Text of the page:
*This is a compilation of stories from my journey and those I have interviewed intertwined into one article. Specific details and circumstances have been changed to protect identities.

I am no stranger to open adoption. My husband and I decided quite early on in our adoption journey to not just facilitate openness in our adoptions but to pursue it. It is easy early on in this road to be quite cocky and certain that you know it all. When listening to difficult adoption stories, you figure out exactly where everyone else went wrong. It takes time to realize that the pre-adoption training wasn’t written for “those guys over there” that are struggling; no, it was also written for you and your family.

For quite some time, adoption has been viewed through the lens of fantasy. It has been viewed as a magical, overwhelmingly positive experience in which the orphaned child who is almost always completely healthy is “saved” by their new adoptive parents. This child is eternally grateful for this family who, at least in the fantasy, is wealthy. These mythical parents have resources galore and the children’s behaviors are never an issue. Things never get difficult and the adopted child never thinks about their birth parents. Or at least, such thoughts are never an intrusion on this perfect family.

However, developmentally it is normal for an adopted child to fantasize about their birth parents. Kids are often engaged in magical thinking. It is a part of childhood, and it is a part of normal development. Kids come up with some pretty outrageous and often hilarious ideas about how the world works. This is the pairing of their known experiences with their imaginations. Kids dream big. We live on a farm and it is not uncommon for me to find my younger girls riding around on their ponies pretending they are actually flying in the sky on unicorns (or rather alicorns as apparently there is a difference, but that is a whole different story). They dream about riding dragons and riding through enchanted forests. And one of my children in particular dreams about her birth parents.

In my experience, the need to fantasize about birth parents is more pronounced in some children than it is for others. We have 5 kids in the home 3 of whom are adopted. One is too small to verbalize thoughts on adoption. One is quite happy-go-lucky about the entire thing. And one is quite immersed in thinking about who her parents are, her journey, and how things could have been different.

I remember hearing about lots of different adoption experiences in our pre-adoption training. I also distinctly remember scoffing (yes scoffing, which I am quite embarrassed about now) at the idea that children can struggle with things like reactive attachment disorder even when adopted from a young age. At the time, we were attempting to adopt our foster daughter who had been with us since her earliest days on this earth. She didn’t know any other parents I naively thought. I didn’t yet know about cellular memory, and I sort of conveniently discounted the fact that babies in a nursery can tell their mother based on smell and voice alone. I truly did believe that any serious behavior issues or mental anguish over the adoption just wouldn’t occur because this child and others afterward came to us just days after birth. I was wrong.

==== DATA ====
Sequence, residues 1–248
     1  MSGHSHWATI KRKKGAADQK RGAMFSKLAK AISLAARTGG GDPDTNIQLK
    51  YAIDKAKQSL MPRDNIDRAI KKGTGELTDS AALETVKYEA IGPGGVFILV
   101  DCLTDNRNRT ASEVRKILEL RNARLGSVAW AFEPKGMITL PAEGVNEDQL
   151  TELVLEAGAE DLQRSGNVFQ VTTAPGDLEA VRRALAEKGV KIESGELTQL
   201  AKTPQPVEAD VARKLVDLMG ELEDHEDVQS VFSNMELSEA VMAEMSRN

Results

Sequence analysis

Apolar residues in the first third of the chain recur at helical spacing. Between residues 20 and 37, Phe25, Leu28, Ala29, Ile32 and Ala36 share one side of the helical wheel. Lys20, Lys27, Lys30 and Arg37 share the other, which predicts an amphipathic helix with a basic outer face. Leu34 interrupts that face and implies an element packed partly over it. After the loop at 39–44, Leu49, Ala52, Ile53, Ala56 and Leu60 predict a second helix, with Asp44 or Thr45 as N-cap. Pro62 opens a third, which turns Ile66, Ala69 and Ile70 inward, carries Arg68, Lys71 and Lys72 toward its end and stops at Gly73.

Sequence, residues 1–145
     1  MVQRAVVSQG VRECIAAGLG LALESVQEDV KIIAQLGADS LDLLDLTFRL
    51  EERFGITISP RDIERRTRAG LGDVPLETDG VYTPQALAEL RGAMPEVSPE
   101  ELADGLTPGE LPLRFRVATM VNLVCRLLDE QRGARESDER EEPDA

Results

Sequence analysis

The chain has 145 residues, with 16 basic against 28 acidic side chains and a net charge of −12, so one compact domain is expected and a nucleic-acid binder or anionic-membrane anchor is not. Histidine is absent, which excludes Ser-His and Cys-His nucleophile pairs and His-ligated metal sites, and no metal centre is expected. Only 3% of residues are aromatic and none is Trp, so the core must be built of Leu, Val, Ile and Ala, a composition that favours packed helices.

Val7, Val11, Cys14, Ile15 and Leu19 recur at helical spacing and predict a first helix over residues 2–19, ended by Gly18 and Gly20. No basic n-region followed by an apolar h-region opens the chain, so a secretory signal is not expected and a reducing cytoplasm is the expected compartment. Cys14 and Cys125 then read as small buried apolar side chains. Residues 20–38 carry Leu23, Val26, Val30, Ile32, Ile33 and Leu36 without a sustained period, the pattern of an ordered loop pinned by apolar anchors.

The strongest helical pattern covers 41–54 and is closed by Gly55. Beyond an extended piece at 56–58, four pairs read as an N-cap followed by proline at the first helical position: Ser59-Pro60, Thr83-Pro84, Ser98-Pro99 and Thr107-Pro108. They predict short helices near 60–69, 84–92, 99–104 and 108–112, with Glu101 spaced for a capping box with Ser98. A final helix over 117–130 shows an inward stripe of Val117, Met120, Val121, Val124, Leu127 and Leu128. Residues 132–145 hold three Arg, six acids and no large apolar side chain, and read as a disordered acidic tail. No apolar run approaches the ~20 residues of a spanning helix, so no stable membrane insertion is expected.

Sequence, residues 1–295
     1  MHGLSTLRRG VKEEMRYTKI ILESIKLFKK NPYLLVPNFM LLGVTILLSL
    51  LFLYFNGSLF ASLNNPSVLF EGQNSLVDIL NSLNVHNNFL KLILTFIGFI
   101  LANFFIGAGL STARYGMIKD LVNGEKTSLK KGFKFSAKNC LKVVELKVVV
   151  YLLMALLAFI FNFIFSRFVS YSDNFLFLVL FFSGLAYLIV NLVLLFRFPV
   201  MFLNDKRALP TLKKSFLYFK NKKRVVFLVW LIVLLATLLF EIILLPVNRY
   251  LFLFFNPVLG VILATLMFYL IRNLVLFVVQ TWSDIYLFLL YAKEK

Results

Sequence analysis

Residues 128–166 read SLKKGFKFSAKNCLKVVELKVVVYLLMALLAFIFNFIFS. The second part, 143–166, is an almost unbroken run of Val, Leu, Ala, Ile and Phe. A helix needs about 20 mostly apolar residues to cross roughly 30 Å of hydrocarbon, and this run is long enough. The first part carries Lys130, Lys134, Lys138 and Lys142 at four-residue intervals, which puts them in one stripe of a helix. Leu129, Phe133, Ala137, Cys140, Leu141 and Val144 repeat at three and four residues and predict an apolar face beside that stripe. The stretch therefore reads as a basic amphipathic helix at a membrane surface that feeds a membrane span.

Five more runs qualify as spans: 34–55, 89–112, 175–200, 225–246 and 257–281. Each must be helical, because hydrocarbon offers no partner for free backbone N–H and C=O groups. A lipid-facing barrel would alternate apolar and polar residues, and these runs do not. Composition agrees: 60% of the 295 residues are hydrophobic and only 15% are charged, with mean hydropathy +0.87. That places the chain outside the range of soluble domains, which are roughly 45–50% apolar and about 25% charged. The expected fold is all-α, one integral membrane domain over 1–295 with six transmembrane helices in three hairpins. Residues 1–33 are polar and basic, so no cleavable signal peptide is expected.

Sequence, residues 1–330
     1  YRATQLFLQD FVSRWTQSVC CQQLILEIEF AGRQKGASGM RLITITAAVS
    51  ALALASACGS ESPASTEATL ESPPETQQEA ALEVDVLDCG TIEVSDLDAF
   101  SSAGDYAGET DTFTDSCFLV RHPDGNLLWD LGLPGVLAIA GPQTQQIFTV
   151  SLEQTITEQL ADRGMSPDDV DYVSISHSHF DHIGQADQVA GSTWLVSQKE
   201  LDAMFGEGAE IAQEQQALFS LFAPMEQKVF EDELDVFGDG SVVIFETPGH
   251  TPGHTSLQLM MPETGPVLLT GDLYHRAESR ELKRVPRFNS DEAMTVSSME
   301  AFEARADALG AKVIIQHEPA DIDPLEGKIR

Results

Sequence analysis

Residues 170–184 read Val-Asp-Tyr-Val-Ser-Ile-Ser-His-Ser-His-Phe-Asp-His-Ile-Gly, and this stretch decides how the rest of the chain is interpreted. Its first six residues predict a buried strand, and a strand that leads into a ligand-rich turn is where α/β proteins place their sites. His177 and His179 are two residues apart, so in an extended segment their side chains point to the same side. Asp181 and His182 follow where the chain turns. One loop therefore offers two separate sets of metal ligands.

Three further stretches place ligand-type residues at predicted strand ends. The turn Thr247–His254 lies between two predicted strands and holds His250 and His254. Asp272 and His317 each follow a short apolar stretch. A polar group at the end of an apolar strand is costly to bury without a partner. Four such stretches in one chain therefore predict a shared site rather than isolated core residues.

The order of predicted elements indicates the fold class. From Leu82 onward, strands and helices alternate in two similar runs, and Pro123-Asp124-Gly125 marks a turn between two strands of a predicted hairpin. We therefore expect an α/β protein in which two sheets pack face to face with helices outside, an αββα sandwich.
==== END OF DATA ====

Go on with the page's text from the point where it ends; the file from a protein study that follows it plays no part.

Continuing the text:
We are all created differently, and we all react to the things around us and the things that happen in our lives differently. What I was about to learn the hard way is that this is true of children who have been adopted as well. In the end, it didn’t matter that she came to us at five days old. What mattered is that to her there were pieces missing in her story. And what mattered is that for her a collection of photos and written accounts was just not enough. I have learned that attachment issues can and do crop up when least expected. These disorders do not respect firm boundaries on whom, how, and why they can affect someone. Attachment disorders do not care about your “shouldn’t” and “couldn’t” exist thoughts or feelings. Instead, these disorders show that “it is happening” or “there is evidence of” those very things you thought you wouldn’t have to deal with.

When we started to realize how deep her feelings were about her birth family and also her adoption, we decided we had to take it seriously. It went without saying that her reactive attachment disorder was taken extremely seriously as well. That condition by nature demands attention. We could have chosen to just say, “Stop thinking about things so much!” to her every time she brought up these topics or her birth parents. However, I could tell that it was deeply troubling her. I could tell that there was much emotion behind this, and I definitely wanted to be the one to walk with her through this. I didn’t want her to feel like she had to be alone with her thoughts and questions or that she didn’t have anyone willing and able to help her figure it all out. Of course, that meant that our entire family felt many emotions that couldn’t necessarily have predicted.

I have written previously about the night I knew that I was meant to seek out and find our daughter’s mom. I have shared many times about the healing that brought her birth mom and about how that brought abundant joy to our daughter. It actually settled right into my heart as well and it was so right, all of it. I thought this would be enough for now. I thought that it would be the end for a while, but it actually spurred on so many more questions. Our daughter has a life book, she has seen photos, and she has now met her birth mom and many extended family members, but it did not stop what was to come next. “Where is my birth dad? I want to meet him.”